Following his apology to the Stolen Generation, Prime Minister Kevin Rudd promised to deliver an annual “report card” on the government’s progress in addressing Indigenous disadvantage. This report card was to be delivered on the opening day of Parliament each year, to mark the 2008 apology.
With this in mind, 500 people converged on Canberra this February to demand an end to the NT Intervention, but were met with silence from Rudd on Aboriginal issues. The “report card”, finally delivered on March 5, demonstrates how far removed the reality of Labor’s policies are from the promise of the apology.
Rudd called for reconciliation based on “relationships anchored in mutual respect and articulated through mutual responsibility”. This call came despite the continued suspension of the Racial Discrimination Act (1975).
He said, “we are so fortunate to have among us the oldest continuing cultures in human history”, while supporting the dismantling of bilingual education programs in the Northern Territory.
He celebrated the “13,000 child health checks” that have been completed since the Intervention. But Dr Di Marchant, who participated in the 2007 health checks in the remote community of Oenepelli said recently, “(the children) are still waiting for dental and ear treatment”.
And Irene Fisher, CEO of the Sunrise Health Service in Katherine has said, “anaemia rates in children under the age of five in the Sunrise Health Service region have jumped significantly since the Intervention. From a low in the six months to December 2006 of 20 per cent… the figure had gone up to 55 per cent by June 2008.”
Apart from the Intervention, Rudd relied largely on funding announcements to demonstrate his commitment to “closing the gap”.
But many of these announcements—in areas like health, education and housing—were not commitments to Indigenous specific funding, but rather general spending programs “that Indigenous people will benefit from”.
Government plans for housing reveal clearly how “mainstreaming”—breaking up Aboriginal control of organisations and land—has become their central strategy for “closing the gap”.
Kevin Rudd claims that “80 houses have been completed or are near completion in the NT”. No mention that more than 50 of these houses have been for the “Government Business Managers” installed by the Intervention and other public servants and the remainder are from pre-Intervention projects.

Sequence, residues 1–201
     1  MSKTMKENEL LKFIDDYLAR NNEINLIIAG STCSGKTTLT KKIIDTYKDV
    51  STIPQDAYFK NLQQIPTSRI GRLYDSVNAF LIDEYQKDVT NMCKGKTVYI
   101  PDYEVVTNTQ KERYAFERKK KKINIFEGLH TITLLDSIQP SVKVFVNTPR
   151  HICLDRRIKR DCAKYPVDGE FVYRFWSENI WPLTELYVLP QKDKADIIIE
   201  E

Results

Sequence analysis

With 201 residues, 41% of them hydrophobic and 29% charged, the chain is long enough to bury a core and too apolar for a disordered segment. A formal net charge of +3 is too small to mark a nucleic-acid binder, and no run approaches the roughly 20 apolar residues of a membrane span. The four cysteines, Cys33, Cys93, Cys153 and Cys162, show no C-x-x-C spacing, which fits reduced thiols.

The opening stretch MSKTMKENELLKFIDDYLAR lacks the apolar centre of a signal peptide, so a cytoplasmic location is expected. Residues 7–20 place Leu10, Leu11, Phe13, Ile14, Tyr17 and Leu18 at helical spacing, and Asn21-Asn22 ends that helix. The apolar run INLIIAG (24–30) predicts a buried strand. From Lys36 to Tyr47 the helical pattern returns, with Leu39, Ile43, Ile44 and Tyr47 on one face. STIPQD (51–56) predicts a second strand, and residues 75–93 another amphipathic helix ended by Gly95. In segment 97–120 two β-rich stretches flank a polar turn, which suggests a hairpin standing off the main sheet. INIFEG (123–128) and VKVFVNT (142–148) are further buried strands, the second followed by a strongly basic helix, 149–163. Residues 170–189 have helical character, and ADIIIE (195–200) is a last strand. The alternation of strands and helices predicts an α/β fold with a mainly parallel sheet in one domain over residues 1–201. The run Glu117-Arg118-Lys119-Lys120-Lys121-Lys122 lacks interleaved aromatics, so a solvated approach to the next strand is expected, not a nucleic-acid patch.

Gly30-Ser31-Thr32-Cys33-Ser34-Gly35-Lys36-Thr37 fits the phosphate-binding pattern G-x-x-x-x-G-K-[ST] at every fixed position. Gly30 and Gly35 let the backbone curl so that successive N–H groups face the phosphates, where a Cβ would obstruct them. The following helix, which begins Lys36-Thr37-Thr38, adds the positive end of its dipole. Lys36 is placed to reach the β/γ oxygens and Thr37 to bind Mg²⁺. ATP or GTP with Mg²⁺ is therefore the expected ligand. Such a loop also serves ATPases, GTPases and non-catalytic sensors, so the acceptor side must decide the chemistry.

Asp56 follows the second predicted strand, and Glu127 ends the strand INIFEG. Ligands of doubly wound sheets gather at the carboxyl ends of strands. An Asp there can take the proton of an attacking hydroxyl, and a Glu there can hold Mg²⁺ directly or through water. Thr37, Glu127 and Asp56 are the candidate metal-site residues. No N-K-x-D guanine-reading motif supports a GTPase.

No new funding is available for Aboriginal housing in urban and regional areas, despite chronic homelessness and overcrowding. Overcoming these problems will require Aboriginal people to fight for space in the mainstream public housing system.
In remote areas, Rudd made extensive funding commitments to housing for Aboriginal communities, but also made it clear this will be conditional on acceptance of the government’s “aggressive land tenure reform agenda”.
Held to ransom
A key aspect of the Northern Territory Intervention has been the compulsory acquisition of Aboriginal township land for five years. Housing assets are forcibly transferred from community councils to the public housing agency.
Over the past nine months, 16 communities singled out for further housing construction have been given an ultimatum. They must sign township land over to the government for between 40-90 years before any construction can commence. While a handful of communities—desperate for housing and under extreme pressure—have signed these leases, the majority say they will never sign away Land Rights fought for over decades.
Just a week following Rudd’s speech, the details of his plans for national “land tenure reform” became public. A letter leaked from Aboriginal Affairs minister Jenny Macklin’s office revealed that no new housing would be built in any remote community across Australia unless long-term leases are signed.
Macklin was heckled as she outlined these plans to a statewide conference of the NSW Aboriginal Land Council on March 5.
NSWALC leaders denounced Macklin for failing to even alert Aboriginal landowners to the policy before it was announced.
Macklin’s announcement stands in complete contradiction to her previous position on long term leases. In 2007, commenting on Howard’s attempts to force leases on communities, Macklin quoted the land rights anthem “from little things big things grow” and went on to say “we do not want land tenure reform being made a condition of basic services”.
Michael Anderson, a long time Land Rights activist who attended the conference, said Aboriginal people would fight the new policy: “There is no other group of people in Australia who would be subject to such dictatorial policies… [we] are being held to ransom, because of our lack of resources and independence”.
By Paddy Gibson